Those who read my blog know I am a huge fan of the website The Jury Expert: www.thejuryexpert.com  This month one of the articles is “What Television Can Teach us about Trial Narrative” by Richard Gabriel. The author points to research about how trial lawyers organize their cases in storytelling model and how this facilitates the juror’s verdict.  He points out that it is well-established that “stories are neurologically wired explanatory systems that serve to stabilize our world by labeling and orienting new, threatening, or uncertain information in our environment.” As Gerry Spence says “we  are hardwired for stories.” You know your case from voir dire to argument, including  cross examination should be your client’s story told in story telling format.

Gabriel correctly observes that trial lawyers are generally poor storytellers because we take too long, repeat too much, remove the drama from interesting parts of our cases and generally bore as well as confuse the jury. The author says that by focusing on five main components we can improve our storytelling ability: theme, character, action\structure, environment and tone.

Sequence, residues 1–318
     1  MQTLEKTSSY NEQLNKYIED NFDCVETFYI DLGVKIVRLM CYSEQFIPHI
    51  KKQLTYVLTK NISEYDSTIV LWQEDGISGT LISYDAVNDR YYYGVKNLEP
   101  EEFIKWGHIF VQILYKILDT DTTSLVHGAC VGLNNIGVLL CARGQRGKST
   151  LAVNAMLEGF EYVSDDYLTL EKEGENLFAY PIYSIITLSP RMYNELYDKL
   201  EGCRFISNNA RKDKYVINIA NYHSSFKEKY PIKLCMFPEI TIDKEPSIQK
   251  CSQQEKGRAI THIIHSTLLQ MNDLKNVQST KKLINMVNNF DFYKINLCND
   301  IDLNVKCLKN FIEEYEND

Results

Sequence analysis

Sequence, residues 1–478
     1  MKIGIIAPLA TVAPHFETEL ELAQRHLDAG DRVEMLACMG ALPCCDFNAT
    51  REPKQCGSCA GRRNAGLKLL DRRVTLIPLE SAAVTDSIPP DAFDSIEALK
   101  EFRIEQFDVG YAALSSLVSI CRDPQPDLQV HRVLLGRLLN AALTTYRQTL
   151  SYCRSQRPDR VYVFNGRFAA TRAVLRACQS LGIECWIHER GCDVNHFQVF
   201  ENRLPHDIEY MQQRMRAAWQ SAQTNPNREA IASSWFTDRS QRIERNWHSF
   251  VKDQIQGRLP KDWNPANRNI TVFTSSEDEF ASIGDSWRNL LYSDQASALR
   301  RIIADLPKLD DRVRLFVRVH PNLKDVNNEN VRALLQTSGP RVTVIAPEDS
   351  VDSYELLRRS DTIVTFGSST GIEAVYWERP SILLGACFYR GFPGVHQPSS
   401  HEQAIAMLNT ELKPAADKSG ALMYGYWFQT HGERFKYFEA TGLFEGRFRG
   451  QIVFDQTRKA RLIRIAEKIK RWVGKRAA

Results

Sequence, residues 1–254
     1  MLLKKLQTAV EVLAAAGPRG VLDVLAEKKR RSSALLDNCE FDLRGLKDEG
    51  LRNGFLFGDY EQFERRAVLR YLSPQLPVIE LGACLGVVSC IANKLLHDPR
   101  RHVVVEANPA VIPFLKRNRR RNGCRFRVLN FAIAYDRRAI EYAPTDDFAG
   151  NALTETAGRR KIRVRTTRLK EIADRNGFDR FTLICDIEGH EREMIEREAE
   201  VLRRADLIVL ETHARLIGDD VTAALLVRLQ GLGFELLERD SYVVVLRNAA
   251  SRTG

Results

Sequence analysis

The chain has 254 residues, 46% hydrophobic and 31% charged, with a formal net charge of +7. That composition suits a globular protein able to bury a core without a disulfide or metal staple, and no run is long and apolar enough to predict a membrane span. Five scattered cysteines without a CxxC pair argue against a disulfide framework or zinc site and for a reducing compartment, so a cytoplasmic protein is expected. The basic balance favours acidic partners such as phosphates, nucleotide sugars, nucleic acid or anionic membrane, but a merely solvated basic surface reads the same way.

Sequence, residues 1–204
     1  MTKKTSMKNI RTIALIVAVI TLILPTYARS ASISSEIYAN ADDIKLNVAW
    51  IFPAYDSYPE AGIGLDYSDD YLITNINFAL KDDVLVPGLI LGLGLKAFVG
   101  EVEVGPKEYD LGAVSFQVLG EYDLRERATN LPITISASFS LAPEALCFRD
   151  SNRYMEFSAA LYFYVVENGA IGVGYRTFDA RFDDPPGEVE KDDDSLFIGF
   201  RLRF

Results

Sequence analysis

One of the important observations he makes is that evidence, by itself, is not a story. To become a story it must be organized into a story format. A story requires a theme. A theme is a controlling idea. Robert McKee is a recognized authority regarding screenwriting for movies and television. He calls a theme a “a controlling idea” and says that “a controlling idea may be expressed in a single sentence describing how and why life undergoes change. The author recommends that we think about a central theme as what you want to hear as the first sentence out of your jurors mouth in jury deliberations when they summarize the trial and say, “this case is about…” Have you ever  asked a lawyer what their case is about and had them deliver a long narrative? Until you can answer the question in a few sentences you don’t understand your case and you don’t have a central theme for your story.


The author says we make the mistake of focusing upon conduct and the actions of the people but not their character. He  points out that jurors want to know who the people really are in order to judge why they acted the way they did. When we say that a defendant is “greedy” or that  companies are “uncaring” these generalizations ring false for jurors because  it is one-dimensional without  revealing character. A trial is a contest of right and wrong for jurors and knowing the character of  those involved is an essential part of  the evaluation.